The Alvarez Lab studies the structure, development and function of spinal motor circuits. Spinal motoneurons innervate skeletal muscle and are the final common path by which our brain executes motor behaviors and interacts with the world around us. Coordinated movement depends on the pattern and timing of motor output from the spinal cord. Think about the many muscles that need to contract in a coordinated manner to place an index finger on the forehead. Motoneurons innervating different muscles need to fire in the appropriate sequence and frequencies to control both timing and strength of contractions in the different muscles moving a joint or a limb. This control is exerted by the neuronal networks of the spinal cord.
These networks are remarkable and allow us to maintain balance and posture, have volitional movements for either kicking a ball or playing the piano and also start rhythmic patterns like locomotion or scratching. Not surprisingly, they are extremely complex and although they have been investigated for over 100 years there is still much to learn about them. The lab is interested in the following questions:
Funding and Sponsors
Research Highlights and Lab News
To everybody: best wishes during these trying times adjusting to Covid-19. We hope everybody stays in good health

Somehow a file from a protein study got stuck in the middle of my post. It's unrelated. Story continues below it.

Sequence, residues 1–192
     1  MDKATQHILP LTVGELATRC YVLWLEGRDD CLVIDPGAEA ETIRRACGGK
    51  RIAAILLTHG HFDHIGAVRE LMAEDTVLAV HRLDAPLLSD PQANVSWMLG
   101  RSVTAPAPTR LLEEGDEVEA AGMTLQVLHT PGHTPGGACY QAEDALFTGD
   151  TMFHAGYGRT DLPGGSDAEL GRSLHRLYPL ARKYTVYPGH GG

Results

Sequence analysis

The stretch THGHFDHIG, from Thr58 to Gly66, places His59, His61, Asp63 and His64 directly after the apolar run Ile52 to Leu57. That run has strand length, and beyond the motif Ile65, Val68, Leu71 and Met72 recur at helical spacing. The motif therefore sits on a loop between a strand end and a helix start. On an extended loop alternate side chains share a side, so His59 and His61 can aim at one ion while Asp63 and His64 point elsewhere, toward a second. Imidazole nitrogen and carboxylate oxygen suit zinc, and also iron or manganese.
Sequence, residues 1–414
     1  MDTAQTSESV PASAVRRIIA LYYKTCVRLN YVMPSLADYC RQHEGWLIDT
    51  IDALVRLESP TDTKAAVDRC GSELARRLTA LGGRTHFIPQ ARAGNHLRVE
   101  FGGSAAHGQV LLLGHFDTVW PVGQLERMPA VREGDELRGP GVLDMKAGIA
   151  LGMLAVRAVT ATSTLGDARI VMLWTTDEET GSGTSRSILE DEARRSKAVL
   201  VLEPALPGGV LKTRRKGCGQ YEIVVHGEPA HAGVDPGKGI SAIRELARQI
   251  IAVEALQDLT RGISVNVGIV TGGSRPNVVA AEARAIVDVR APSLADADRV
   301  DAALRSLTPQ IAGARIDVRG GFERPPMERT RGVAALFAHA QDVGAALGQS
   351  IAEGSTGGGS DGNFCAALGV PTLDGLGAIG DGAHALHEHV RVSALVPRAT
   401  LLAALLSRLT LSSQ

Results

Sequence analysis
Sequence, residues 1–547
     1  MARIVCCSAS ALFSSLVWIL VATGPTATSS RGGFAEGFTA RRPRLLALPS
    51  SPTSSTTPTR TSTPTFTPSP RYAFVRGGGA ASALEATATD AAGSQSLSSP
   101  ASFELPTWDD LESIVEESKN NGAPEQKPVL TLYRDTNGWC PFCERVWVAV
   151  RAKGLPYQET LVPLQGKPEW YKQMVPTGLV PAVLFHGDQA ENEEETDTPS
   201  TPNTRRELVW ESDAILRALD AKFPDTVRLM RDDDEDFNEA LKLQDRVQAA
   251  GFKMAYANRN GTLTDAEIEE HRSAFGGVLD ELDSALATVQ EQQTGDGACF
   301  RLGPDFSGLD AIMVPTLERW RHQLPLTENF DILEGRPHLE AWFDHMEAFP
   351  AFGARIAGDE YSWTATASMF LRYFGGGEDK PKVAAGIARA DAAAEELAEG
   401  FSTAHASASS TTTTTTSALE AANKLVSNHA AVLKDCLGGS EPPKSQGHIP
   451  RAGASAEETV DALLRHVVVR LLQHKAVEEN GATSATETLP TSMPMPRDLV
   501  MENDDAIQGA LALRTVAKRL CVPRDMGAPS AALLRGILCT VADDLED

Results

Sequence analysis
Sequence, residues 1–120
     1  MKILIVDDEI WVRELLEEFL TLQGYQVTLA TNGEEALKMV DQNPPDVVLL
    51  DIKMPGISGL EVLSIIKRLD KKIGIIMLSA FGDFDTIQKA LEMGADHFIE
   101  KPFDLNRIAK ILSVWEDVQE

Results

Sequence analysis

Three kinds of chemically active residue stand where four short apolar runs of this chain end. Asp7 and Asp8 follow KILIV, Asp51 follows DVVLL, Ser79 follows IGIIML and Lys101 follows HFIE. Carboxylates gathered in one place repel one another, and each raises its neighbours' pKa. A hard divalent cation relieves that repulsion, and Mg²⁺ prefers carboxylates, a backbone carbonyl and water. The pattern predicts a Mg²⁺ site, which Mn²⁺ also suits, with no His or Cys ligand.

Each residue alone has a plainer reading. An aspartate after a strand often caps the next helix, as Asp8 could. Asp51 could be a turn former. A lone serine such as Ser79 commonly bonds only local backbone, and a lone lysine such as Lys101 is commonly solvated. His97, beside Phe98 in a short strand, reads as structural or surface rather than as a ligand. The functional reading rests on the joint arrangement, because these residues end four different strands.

Welcome to the lab to Edyta Murlin and Ryan Wood. Both joined 1st of July of 2020.
Edyta is a senior research scientist with expertise in electrophysiology that is transferring to our lab from Dr. Bilal Haider lab at Georgia Tech.
Ryan is a postdoc with expertise in molecular biology and computer modeling that recently received his PhD from Bringham Young University under the direction of Dr. William Pitt.
On some sad news: Indeara Cogdell has indicated that she will be leaving the lab in December. Because of personal reasons she needs to move to Montgomery, Alabama. We wish her all the best of luck on her future career. Indy you were an amazing help to our lab. Thank you very much.
We are still here despite Covid and we want to welcome to the lab Zoe Haley-Johnson and Andrew Worthy.
Zoe is joining us form Yale University where she was a project manager working in HIV.
Andrew just graduated from Emory in the Neuroscience, Brain and Behavior program.